Sunday, February 27, 2011


Well, it's time for another update from glamorous Dushanbe. I know talking about the weather *seems* boring, but when the weather dictates your quality of life, it becomes an interesting and pressing topic of conversation.

The Russians built most of the infrastructure in Tajikistan - and, until Tajikistan's independence, Russian engineers and professionals maintained all of the infrastructure here. The current president/dictator and his puppet government, unlike the Russians, have done nothing to keep basic utilities in Tajikistan.

The water never shuts off for too long in Dushanbe, mostly because Dushanbe is where the "president" lives. Sometimes the water is white/cloudy, or brown. Apparently after the civil war the international community donated $30 million to build a modern water treatment system… someone in Tajikistan absconded with the entire $30 million. 

So during the winter power normally shuts off at least once a day. Most homes here don't have central heating, so we rely on space heaters for heat. No power = no space heater. It gets very cold very quickly. Obviously my host family is lucky - we never lose power for longer than 4 hours. In the countryside people normally have about 4 hours of power per day - it's pretty common for impoverished Tajikis to freeze to death during the winter. Yep, the weather is that important. 

Roads and sidewalks (the few that exist) are riddled with potholes/puddles/trenches and the like - which makes running pretty interesting. Below I've included a picture of some sort of drainage/ditch thing. The city streets are lined with them. Sometimes there are bridges over them. Sometimes there aren't, which means I run very very carefully. 

My next post will discuss marriage and relationships in Tajiki culture - and the difference between the older and younger generation's concepts of love.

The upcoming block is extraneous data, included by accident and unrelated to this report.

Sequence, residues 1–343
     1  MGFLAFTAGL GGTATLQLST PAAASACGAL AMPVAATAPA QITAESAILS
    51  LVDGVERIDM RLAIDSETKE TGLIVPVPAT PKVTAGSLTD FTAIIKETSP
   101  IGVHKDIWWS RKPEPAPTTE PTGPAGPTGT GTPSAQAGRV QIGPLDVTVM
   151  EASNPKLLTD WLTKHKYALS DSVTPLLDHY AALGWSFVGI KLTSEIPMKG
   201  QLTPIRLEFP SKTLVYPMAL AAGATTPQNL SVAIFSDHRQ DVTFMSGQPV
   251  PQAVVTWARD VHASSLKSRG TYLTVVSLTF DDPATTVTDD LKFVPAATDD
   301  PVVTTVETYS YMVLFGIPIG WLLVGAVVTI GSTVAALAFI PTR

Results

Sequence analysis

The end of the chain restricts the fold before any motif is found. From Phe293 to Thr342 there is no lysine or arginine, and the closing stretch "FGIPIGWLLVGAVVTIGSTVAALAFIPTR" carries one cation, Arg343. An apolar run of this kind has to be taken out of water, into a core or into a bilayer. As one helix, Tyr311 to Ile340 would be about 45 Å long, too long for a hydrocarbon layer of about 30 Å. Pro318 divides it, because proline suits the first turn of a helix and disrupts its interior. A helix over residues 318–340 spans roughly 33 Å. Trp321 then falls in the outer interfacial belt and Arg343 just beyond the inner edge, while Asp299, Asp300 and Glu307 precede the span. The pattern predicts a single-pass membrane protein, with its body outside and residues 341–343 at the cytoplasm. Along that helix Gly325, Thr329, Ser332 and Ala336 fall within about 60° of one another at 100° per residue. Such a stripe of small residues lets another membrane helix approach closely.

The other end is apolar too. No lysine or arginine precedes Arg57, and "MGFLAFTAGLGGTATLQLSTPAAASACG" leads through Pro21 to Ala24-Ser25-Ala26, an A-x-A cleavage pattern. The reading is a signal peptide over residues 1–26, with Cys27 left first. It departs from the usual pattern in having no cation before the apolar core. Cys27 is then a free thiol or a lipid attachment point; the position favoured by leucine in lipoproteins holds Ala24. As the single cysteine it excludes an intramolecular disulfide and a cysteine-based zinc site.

Thursday, February 17, 2011

Tajiki "Cuisine"

So Tajik food. Let's talk about it. Tajik food was described to me as "bland" and "oily" by several people before the trip. A warning that I didn't heed very seriously - after all, Arabs manage to make absolutely delicious food with what they have. Tajiks can do the same, right?

Let's take a look at the national dish of Tajikistan, (pictured above). Osh is… oily. And it isn't exactly flavorful. It's basically rice, carrots, and potatoes in oil and topped with mystery meat. Tajiks don't butcher animals (i.e. by body part, type of muscle, usage) the way we do in the U.S. They basically kind of hack away at a carcass until the meat is in smallish pieces. I mean, I'm all about using the whole animal. I just like to know what kind of animal, and what  part of the animal I'm eating. 

In any case, Tajik food seems to be designed to stretch meat by using rice, carrots, potatoes, lentils, and onions. Essentially you're getting a 2 ounce portion of mystery meat (where did this cartilage come from? Neckbone? Lamb? Beef? Shank? Rib? Wha?) and then lentil/rice/potato filler. I mean, we're certainly not going hungry. It just means that most Americans have their families send over Tabasco Sauce from the States. Below you'll find photos of typical Tajik dinners - note the presence of carrot, potato, meat. 

P.S. Yes I know you're not reading this blog to hear me complain about Tajiki food - I'll  update with more interesting content in the near future. 

Thursday, February 10, 2011

The Fam in the 'Stan

I love my host family. I don't have pictures of all the members of my host family yet - Tajikis generally change into "house clothes" when they return from work or school, mainly to preserve their clothing. Basically, it's difficult to catch my host family members in normal clothing as opposed to PJs.

So this is Shukrona. She is my host granddaughter/sister/niece (the daughter of my host brother's wife) and very energetic. We've bonded over Hannah Montana (pronounced Khhhanna Muntana) and tic tac toe. We've even had decent rounds of hang-man, although I'm handicapped because I'm just starting to learn Tajik Cyrillic. She's pretty fond of pickles. 

Saodat, my host mother and the grandmother/matron of our household. She helps her daughter-in-law with household chores, plays Sudoku, prays 5 times a day, and keeps her grandchildren in line.